Figure 3-3.Improperly seated cylinder liner.
improper fillet, grind it down until the lower surface of
the flange seats properly on the mating surface of the
An oversized sealing ring may cause improper
positioning of the liner. As the sealing ring is
overcompressed, the rubber loses its elasticity and
becomes hard, which may cause the liner to become
Use feeler gauges to check the clearance between
the mating surfaces. If the manufacturers technical
manual specifies the distance from the cylinder deck to
the upper surface of the liner flange, use this dimension
to check on the seating of the liner.
Obstructions in the combustion chamber may be
destructive not only to the liner but also to the cylinder
head and other parts.
Erosion and corrosion may take place in a few
isolated spots and weaken a liner sufficiently to cause
Replacement is the only satisfactory means of
correcting cracked, broken, or badly distorted cylinder
SCORED CYLINDER LINERS
Scored cylinder liners may become scored
(scratched) by several means. These scratches degrade
the engines performance and require some type of
Scored cylinder liners may be caused by broken
piston rings, a defective piston, improper cooling,
improper lubrication, or the presence of foreign particles
or objects. Dust particles drawn into an engine cylinder
will mix with the oil and become an effective but
undesirable lapping compound that may cause extensive
damage. The importance of keeping the intake air clean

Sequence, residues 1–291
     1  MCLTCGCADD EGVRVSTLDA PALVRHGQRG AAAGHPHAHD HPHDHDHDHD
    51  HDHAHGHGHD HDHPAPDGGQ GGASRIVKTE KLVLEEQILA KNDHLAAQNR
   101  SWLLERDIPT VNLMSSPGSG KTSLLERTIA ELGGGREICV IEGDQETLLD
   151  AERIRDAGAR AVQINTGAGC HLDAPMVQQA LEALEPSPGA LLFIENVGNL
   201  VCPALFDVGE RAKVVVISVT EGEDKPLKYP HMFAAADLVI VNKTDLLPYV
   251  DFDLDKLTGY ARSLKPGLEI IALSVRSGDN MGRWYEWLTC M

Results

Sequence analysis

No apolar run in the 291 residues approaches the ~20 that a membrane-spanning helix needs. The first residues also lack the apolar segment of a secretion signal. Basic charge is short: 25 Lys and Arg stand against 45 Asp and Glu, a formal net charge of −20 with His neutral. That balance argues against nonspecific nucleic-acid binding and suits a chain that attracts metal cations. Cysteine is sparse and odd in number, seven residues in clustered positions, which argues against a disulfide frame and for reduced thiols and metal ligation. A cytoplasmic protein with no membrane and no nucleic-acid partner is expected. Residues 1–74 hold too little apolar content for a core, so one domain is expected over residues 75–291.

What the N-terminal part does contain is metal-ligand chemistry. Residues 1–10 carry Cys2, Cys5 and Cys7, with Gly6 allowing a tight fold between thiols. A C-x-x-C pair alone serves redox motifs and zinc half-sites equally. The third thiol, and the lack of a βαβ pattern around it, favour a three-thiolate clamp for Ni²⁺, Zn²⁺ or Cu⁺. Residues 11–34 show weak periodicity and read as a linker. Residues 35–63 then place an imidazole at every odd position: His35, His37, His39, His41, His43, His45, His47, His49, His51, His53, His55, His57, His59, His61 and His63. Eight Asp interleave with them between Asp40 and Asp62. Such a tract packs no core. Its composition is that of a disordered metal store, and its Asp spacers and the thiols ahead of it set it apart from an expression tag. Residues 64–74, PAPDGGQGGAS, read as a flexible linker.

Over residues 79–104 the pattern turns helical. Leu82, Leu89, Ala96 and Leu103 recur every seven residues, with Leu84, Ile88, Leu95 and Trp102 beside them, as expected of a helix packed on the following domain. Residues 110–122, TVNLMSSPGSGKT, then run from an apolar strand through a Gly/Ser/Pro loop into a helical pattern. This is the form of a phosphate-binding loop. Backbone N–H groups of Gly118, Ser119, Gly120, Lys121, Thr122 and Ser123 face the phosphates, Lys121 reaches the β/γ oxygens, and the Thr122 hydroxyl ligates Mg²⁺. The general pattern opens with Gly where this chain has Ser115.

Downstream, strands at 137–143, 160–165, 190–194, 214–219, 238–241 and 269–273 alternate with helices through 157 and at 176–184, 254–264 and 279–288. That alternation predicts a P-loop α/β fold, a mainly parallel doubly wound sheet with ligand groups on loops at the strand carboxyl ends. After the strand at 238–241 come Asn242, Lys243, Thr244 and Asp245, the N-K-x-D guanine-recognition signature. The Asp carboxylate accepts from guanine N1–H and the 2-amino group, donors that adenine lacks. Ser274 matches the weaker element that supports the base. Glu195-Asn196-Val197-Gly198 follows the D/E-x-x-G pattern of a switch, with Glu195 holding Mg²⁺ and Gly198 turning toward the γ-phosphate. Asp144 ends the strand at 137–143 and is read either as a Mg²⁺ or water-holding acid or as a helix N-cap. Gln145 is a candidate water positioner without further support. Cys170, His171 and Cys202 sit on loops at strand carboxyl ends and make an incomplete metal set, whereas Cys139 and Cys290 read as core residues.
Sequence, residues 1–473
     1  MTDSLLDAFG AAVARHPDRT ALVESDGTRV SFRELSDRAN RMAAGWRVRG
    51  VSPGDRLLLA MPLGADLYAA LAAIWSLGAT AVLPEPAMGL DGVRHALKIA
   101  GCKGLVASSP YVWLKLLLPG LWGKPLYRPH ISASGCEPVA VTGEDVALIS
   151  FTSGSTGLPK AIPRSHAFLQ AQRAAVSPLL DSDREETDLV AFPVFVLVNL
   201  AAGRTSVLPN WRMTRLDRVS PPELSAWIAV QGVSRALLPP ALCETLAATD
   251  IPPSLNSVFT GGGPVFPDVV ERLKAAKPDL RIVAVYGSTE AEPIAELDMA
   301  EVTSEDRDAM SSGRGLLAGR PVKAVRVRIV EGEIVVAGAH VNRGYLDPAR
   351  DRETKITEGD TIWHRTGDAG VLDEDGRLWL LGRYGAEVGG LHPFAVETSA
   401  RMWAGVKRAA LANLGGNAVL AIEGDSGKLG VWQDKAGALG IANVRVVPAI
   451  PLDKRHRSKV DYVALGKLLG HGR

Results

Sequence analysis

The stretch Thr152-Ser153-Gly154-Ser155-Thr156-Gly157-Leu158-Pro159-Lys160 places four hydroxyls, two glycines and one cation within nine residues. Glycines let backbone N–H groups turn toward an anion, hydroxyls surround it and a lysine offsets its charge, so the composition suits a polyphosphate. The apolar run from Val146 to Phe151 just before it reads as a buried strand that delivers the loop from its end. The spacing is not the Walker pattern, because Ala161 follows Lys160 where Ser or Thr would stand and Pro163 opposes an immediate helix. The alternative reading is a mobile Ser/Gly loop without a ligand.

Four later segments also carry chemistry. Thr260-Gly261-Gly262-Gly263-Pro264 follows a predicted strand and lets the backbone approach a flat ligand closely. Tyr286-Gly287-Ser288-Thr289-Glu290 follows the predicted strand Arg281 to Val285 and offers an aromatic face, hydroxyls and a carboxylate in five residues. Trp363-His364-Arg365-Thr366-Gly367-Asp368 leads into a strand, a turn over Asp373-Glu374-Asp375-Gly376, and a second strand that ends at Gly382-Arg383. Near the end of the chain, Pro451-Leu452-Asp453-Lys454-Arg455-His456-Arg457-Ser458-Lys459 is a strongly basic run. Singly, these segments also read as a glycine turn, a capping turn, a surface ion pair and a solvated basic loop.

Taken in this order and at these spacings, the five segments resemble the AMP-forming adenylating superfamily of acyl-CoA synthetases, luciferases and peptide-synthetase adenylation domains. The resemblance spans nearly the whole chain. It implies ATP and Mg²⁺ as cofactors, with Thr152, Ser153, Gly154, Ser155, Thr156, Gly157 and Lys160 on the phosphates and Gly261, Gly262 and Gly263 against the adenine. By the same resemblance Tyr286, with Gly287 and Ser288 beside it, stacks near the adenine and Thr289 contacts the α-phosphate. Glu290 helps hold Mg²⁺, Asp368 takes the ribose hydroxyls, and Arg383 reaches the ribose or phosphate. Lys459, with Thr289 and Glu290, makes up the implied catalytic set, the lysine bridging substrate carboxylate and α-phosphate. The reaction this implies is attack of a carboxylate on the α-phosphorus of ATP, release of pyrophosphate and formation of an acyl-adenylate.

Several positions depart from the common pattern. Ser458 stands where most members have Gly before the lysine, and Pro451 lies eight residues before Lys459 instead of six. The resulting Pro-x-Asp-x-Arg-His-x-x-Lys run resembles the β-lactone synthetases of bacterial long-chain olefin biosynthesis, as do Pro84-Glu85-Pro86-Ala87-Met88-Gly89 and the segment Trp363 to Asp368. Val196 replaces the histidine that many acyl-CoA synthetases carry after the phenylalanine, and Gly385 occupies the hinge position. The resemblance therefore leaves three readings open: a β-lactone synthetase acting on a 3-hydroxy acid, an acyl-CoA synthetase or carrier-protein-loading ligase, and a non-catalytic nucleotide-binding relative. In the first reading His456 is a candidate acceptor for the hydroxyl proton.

cannot be overemphasized.
Another precaution you should take is to make sure
that when you replace a cylinder head, you leave no
metal chips, nuts, bolts, screws, or tools in the cylinder.
Scoring may be in the form of deep or shallow
scratches in the liner surface. With most liner scoring,
there will be corresponding scratches on the piston and
piston rings. The symptoms of scoring may be low firing
or compression pressure and rapid wear of piston rings.
The best method for detecting scoring is visual
inspection through liner ports, through the crankcase
housing with pistons in their top position, or when the
engine is disassembled.
Badly worn pistons and rings may cause scoring
because blowby of combustion gases increases the
temperature of the liner and may reduce the oil film until
metal-to-metal contact takes place. Inspect the pistons
and rings carefully. A piston with a rough surface (such
as one that has seized) will score the liner.
Scoring as a result of insufficient lubrication or dirt
in the lubricating oil can be prevented if lubricating
equipment (filters, strainers, and centrifuges) is
maintained properly. Lube oil must be purified
according to required procedures.
Ships force personnel normally do not repair scored
liners; they replace them with spare liners. When
necessary, liners with minor scoring may be kept in
service, if the cause of scoring is eliminated and the
minor defects can be corrected. The surface of the liner
must be inspected carefully, especially in the region next
to the ports, for any burrs, projections, or sharp edges
that will interfere with piston and ring travel. Most
projections can be removed by handstoning, using a fine
stone. Figure 3-4 shows a liner before and after the ports
EXCESSIVELY WORN LINERS
Over a period of time, cylinder liners become worn
simply because of engine operation. The best method of
finding excessive wear is to take measurements of the
cylinder liner with an inside micrometer caliper. Two